3. Coal: EPA’s constant attack on the source of 47 percent of America’s electricity must be permanently ended. Denied authority to regulate carbon as part of a “cap and trade” plan, EPA is using a 2007 5-4 Supreme Court decision – which declared carbon a “pollutant” under the Clean Air Act – to rush unilateral “Best Available Control Technology” regulations into place. The Congress must continue to use the Appropriations process to stop EPA from realizing a vision that candidate Obama shared with the San Francisco Chronicle in Jan. 2008: “So, if somebody wants to build a coal plant, they can – it’s just that it will bankrupt them, because they’re going to be charged a huge sum for all that greenhouse gas that’s being emitted.” Congress must go beyond stopping carbon regulation, and impose a moratorium on all the many lower-profile initiatives that EPA is pursuing against the coal industry, e.g., mercury.
  4. Nuclear: Neither Congress nor the Nuclear Regulatory Commission (NRC) should allow the tragedy of Japan to be used against nuclear energy in the United States. Though a trove of “lessons learned” will develop around Tepco’s nuclear operations in the months ahead, the learning process should not become a pretext for a “timeout” in the NRC’s certifying a new generation of simplified and passively safe reactor designs. This is especially true of the Westinghouse AP 1000 – the closest that a Generation III machine is to crossing the NRC finishing line – which has seen its NRC Design Certification (DC) subjected to repeated revisions. Congress must also understand that even a more accepting climate of public opinion, and a more rational (though still untested) NRC licensing system, will not alone significantly lift nuclear’s 20 percent share of U.S. electricity generation. Given the credit environment, and the investment risks in a number of “de-regulated” regional electricity markets, investments in big ($7-$10 billion) reactors will not alone create what had been a media-hyped “nuclear renaissance” in the near term. But Congress can encourage a new generation of small modular reactors (SMRs) that are passively safe; factory produced; and can be added to sites incrementally with significantly reduced upfront financial risk. These machines are only now at the very beginning of the NRC’s DC approval process, and Congress can encourage them by suspending NRC user fees for each of the representative modular technologies going through the years long DC process. This should not be done, though, at the expense of existing NRC licensees, and it should not be considered a subsidy because each developer would continue to pay for all its own detailed design and engineering work. A user fee suspension would simply relieve developers from paying regulators to regulate. Congress must also use aggressive oversight to push the NRC to expedite DCs for SMRs that are outside of the Agency’s regulatory experience (e.g., gas and liquid metal-cooled machines). This is appropriate for reactors whose very physics make them passively safe, and so, deserving of “liter touch” regulation generally.
  5. Renewables: It’s time for Congress to pull the subsidy plug on solar and wind. Even with years of investment and production tax credits, to say nothing of decades of research, these mostly diffuse and inherently inefficient technologies have failed to make more than a negligible dent in the U.S. electricity generation mix. Moreover, the advocates and cultural fashions that keep large scale solar and wind alive through the Tax Code (and through mandates in many states) use them as political cudgels against energy-dense conventional fuels. They’re “alternatives” to conventional fuels, after all. And if they are indeed viable “alternatives,” then Congress should have no qualms about releasing them to the market place. Congress should take the Green lobby at its word, and end all production and investment tax credits, loan guarantees, and the outright 30 percent cash grants made available by the Obama Administration’s 2009 “Stimulus” legislation.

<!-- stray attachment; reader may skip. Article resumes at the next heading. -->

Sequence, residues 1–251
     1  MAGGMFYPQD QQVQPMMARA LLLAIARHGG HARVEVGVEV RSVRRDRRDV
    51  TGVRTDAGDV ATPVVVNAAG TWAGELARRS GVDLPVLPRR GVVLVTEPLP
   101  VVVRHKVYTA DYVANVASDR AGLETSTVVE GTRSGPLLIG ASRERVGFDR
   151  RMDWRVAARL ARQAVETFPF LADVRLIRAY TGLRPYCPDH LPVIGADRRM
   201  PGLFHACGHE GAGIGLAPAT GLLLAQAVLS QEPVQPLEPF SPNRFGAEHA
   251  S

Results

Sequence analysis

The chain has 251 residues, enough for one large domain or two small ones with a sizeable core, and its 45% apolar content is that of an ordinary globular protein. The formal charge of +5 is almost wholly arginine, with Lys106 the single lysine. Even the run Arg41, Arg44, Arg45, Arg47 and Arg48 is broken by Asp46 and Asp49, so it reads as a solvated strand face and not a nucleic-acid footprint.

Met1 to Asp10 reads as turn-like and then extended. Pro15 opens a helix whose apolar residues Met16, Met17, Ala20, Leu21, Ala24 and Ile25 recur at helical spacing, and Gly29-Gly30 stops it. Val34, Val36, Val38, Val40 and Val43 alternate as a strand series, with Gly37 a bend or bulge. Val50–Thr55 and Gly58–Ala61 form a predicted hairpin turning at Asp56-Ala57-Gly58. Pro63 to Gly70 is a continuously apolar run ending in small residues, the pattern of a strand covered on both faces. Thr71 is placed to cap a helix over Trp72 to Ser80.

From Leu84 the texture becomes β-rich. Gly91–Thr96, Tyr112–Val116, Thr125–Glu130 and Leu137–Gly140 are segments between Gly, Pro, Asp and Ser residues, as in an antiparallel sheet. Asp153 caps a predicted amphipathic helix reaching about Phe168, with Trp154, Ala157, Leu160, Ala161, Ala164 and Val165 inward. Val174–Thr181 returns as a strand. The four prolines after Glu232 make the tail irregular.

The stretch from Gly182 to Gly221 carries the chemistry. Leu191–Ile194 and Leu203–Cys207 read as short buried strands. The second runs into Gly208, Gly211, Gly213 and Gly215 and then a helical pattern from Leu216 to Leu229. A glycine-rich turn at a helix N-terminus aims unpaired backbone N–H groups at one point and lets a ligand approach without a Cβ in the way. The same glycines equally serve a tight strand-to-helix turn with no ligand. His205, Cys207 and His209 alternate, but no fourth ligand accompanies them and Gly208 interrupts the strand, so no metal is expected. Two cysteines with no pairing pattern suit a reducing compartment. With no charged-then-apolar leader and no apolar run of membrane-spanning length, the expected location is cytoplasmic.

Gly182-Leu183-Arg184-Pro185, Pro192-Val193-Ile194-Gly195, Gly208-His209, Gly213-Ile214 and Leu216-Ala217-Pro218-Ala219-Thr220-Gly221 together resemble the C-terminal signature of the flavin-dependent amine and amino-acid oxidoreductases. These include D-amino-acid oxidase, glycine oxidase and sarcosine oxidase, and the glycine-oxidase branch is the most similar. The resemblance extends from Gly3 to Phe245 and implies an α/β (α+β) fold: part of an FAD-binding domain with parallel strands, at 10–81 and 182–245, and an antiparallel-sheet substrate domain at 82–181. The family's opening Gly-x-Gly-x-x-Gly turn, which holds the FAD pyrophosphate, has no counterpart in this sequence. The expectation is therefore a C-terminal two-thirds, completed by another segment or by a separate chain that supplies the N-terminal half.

6. EPA: It’s not enough to impose a coal-applicable regulatory moratorium on this most out-of-control and ideological of federal agencies. Congress must review not only current EPA budgets and programs, but also undertake a top-to-bottom review of the cumulative impact of the layer upon layer of rulemakings and enforcement actions made by the agency since, say, passage of the 1990 Clean Air Amendments Act. A cumulative impact analysis would not be limited to any one statute, i.e., air and water, but also to the interpretive expansion of its authority that EPA has built from the National Environmental Policy Act of 1969 aka NEPA (the wellspring of endlessly litigated “Environmental Impacts Statements”); the Endangered Species Act of 1973; CERCLA (“Superfund”); the Resource Conservation and Recovery Act of 1976, etc. At the very least, a cumulative impact analysis should convince Congress to strip EPA of much of its discretionary authority so that it cannot regulate any substance or activity without the explicit permission of Congress. At the very least, EPA should never be able to decide on its own, as it has with carbon, what constitutes a “pollutant.” EPA should not remain on “autopilot” to ratchet up the restrictiveness of National Ambient Air Quality Standards in the name of “children” or the elderly. Finally, Congress must delve into the quality of the “science” that EPA gets from its own contractors to justify many of its actions. As a general principle, a regulator should never, alone, be able to select the “inputs” that are used to justify its regulatory “outputs.”